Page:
Brian Keep Takes Steadfast Approach to Success in NMCA Edelbrock Xtreme Street

Interview by Mary Lendzion
Photos by Fastest Street Car and courtesy of Brian Keep

Back in the day, Brian Keep raced in an Oldsmobile Omega, Chevrolet Blazer and Chevrolet S10, and on everything from dirt and mud to asphalt and concrete.

But for the past several years, he has been racing in his 1998 Camaro, and is as competitive as they come in NMCA Edelbrock Xtreme Street as well as in Ultra Street.

He came out swinging at the first event on this year’s NMCA schedule, the 18th Annual NMCA Muscle Car Mayhem presented by Holbrook Racing Engines in March at Bradenton Motorsports Park in Florida, where he set the pace in qualifying with a 4.525 and 154.05 mph, secured elapsed-time and top speed records with those times and settled into the Aerospace Components Winner’s Circle.

Now, he’s leading points in the category, and hopes to hold onto that lead in his Camaro powered by a 427 cubic-inch small-block Chevrolet engine fronted by a ProCharger F-1A-91 and backed by an RPM Transmissions-built Turbo 400 and Ultimate Converter Concepts converter.

With a ton of talent and a take-charge approach, Keep will be wildly entertaining as well as one to watch in the weeks to come, and supporting him every step of the way will be his daughter, Samantha Keep, and fiancee, Angel Crampton.

Read on for more about the driver who lives in Ft. Myers, Florida, owns AC Keepers and Grade Keepers and likes to be on a boat when he’s not behind the wheel of his Camaro.

WHEN DID YOU DEVELOP AN INTEREST IN CARS?

I’m originally from Massachusetts, and I was raised by a single mother with four kids. I became interested in cars at a young age, and by the time I was 15, I was driving a van for an appliance and refrigeration company that I worked as a technician for. When it was time to get my driver’s license when I turned 16, my boss took me because my mom wasn’t really ready for me to be driving, especially her car.

WHAT WAS THE FIRST CAR YOU OWNED?

It was a 1966 Chevy Bel Air with a straight-six engine that I got from my grandma when I was 16. It was blue and it was rusty, or patina as I like to call it, but it had character. I drove it to and from school, and then one day, I had a fender-bender in the snow in the winter, and that summer, I bought a 1973 Oldsmobile Omega. It was the second car in a row that I got from a grandma, and this time, it was my best friend’s grandma’s car. The difference was I had built up a 350 cubic-inch engine for it, and it was faster. That’s when I started racing a little on the street.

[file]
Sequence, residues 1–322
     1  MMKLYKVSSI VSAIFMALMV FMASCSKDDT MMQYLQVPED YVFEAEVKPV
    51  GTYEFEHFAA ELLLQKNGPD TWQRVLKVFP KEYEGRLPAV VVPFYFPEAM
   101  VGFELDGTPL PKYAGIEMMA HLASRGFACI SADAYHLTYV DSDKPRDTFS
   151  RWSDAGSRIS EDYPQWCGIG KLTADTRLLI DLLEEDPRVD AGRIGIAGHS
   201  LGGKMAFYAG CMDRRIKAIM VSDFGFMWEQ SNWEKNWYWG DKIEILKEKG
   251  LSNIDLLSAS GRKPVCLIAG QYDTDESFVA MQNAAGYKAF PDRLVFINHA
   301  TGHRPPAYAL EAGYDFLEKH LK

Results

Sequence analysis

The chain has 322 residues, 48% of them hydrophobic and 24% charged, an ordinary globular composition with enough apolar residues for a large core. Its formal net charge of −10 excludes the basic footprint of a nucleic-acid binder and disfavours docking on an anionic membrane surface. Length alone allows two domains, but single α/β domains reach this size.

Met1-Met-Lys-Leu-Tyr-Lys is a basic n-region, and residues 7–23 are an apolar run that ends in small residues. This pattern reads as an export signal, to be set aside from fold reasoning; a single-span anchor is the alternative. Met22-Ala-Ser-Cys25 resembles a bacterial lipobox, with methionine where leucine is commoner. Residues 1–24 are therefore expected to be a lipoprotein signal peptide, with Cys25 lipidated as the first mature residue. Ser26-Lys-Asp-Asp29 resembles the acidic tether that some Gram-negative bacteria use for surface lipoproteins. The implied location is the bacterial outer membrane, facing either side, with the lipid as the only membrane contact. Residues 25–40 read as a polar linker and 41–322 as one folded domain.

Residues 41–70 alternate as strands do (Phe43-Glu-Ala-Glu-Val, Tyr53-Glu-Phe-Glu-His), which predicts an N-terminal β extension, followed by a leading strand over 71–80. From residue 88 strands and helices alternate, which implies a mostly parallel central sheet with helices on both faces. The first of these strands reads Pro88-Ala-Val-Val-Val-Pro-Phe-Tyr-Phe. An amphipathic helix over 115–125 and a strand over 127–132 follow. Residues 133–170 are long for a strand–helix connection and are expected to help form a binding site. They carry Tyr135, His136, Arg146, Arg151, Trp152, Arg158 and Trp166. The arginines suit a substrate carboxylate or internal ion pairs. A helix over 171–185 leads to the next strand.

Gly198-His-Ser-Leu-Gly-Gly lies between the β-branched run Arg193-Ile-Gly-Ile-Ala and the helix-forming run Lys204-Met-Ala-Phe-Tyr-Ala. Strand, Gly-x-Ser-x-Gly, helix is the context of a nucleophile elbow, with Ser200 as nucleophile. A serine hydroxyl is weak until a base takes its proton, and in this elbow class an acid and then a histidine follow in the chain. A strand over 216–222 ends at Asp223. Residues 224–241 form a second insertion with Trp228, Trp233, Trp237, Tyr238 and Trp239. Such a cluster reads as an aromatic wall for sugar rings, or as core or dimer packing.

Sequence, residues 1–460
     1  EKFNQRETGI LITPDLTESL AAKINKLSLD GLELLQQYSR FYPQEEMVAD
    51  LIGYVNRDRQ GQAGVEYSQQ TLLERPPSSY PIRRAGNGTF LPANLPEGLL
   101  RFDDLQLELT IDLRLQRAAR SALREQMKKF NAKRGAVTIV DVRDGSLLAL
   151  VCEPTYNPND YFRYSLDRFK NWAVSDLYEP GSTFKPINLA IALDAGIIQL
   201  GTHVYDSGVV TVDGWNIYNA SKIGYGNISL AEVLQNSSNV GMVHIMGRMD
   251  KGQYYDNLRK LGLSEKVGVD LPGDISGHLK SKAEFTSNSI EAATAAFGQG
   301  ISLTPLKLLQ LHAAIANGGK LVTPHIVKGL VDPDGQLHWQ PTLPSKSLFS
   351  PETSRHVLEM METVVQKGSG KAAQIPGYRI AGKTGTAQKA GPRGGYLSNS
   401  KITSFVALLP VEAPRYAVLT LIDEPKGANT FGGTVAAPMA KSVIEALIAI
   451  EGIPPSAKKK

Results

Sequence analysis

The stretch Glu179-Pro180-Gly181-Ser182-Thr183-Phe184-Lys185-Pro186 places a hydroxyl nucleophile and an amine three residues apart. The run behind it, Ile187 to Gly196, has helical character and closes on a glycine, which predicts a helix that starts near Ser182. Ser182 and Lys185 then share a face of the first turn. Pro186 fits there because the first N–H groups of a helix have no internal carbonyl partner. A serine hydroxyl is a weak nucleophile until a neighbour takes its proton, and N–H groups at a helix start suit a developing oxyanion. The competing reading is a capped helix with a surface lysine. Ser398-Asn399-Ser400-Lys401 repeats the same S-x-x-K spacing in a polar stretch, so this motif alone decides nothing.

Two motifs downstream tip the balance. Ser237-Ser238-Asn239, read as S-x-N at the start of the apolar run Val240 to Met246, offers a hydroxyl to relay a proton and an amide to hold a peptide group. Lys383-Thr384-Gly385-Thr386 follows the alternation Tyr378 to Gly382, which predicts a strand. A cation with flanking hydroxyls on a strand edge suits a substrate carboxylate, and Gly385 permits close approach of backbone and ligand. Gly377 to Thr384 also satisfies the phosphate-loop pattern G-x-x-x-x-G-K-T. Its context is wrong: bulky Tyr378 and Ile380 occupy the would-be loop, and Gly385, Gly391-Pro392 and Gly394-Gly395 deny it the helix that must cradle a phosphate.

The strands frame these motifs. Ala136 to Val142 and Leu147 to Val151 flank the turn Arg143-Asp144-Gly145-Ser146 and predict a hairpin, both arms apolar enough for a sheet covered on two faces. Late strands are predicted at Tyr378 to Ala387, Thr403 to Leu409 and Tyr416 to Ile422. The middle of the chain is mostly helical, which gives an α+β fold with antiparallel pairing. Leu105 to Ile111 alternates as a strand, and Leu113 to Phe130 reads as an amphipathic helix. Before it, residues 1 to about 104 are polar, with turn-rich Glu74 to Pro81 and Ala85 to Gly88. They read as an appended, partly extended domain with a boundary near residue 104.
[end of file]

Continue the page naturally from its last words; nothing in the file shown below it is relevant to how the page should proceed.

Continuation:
WHEN DID TAKE YOUR RACING TO THE TRACK?

I was still a teenager when I took the Omega to New England Dragway in New Hampshire. Because I was a boy looking for something to do, I wanted to see how fast I had actually been going on the street. It ran 10.2 and 130 mph at the strip, with no rollcage, so I was promptly kicked out. I had no clue it would be that fast, but it felt good to do that, and to know that I had the fastest street car in three surrounding counties. That’s around the time I discovered I had a knack for working on cars and making them go fast. I went on to build a new engine for my brother’s Chevelle, because his engine had been burning more oil than gas. It was a smoke-show.

WHAT CAR CAME AFTER THE ALL-IMPORTANT OMEGA?

Believe it or not, it was a Blazer truck that I got right before I graduated from high school. It had a diesel engine, and it was four-wheel drive. I was quick to pull my gas engine out of the Omega to replace the diesel engine in the Blazer. I was driving it around when I decided that I wanted to move to Florida. I didn’t know anyone when I moved there, but I found work as a mechanic, and then in appliance repair and refrigeration, and then I found Mud Hole racing.

IS MUD HOLE RACING EXACTLY WHAT IT SOUNDS LIKE?

I think it is. We gathered on weekends on swamp land and mudded. When I got tired of doing that, I got into actual mud-racing in the truck, and I dominated in the small-block class, and I have about 200 trophies from that. For mud-racing, you are out of control and use the whole track, and it was fun. I did it for years, and then I tried truck-pulling with the same truck. It was like a tug-of-war with my truck strapped to another driver’s truck. Whoever could pull the other driver across the line first won. I was constantly blowing trans fluid out because the trans would get so hot. Then I got into sled-pulling, and that was the most fun of all. I dominated in the small-block class there, too.

DO YOU STILL HAVE THE TRUCK, WHICH MUST BE PRETTY FABLED AT THIS POINT?

Yes, I still have it, and there’s a story behind it. After going to the World Street Nationals at Orlando Speed World as a spectator about 15 years ago, I decided that I wanted to build something to drag-race, and at the time, I was influenced by Pro Stock Truck, so I got an extended cab S10 pick-up, and Dan Neumann built up the chassis, and I used that to start drag-racing on drag radials in Real Street with an engine I built. It was mostly in Florida, at Duck’s races and John Sears’ races. Then, I tried X275 when it came out, but I couldn’t keep up with the progress, so I backed out of it when Ultra Street was born about ten years ago.

DID YOU FIND SUCCESS FAIRLY QUICKLY IN THE ULTRA STREET RANKS?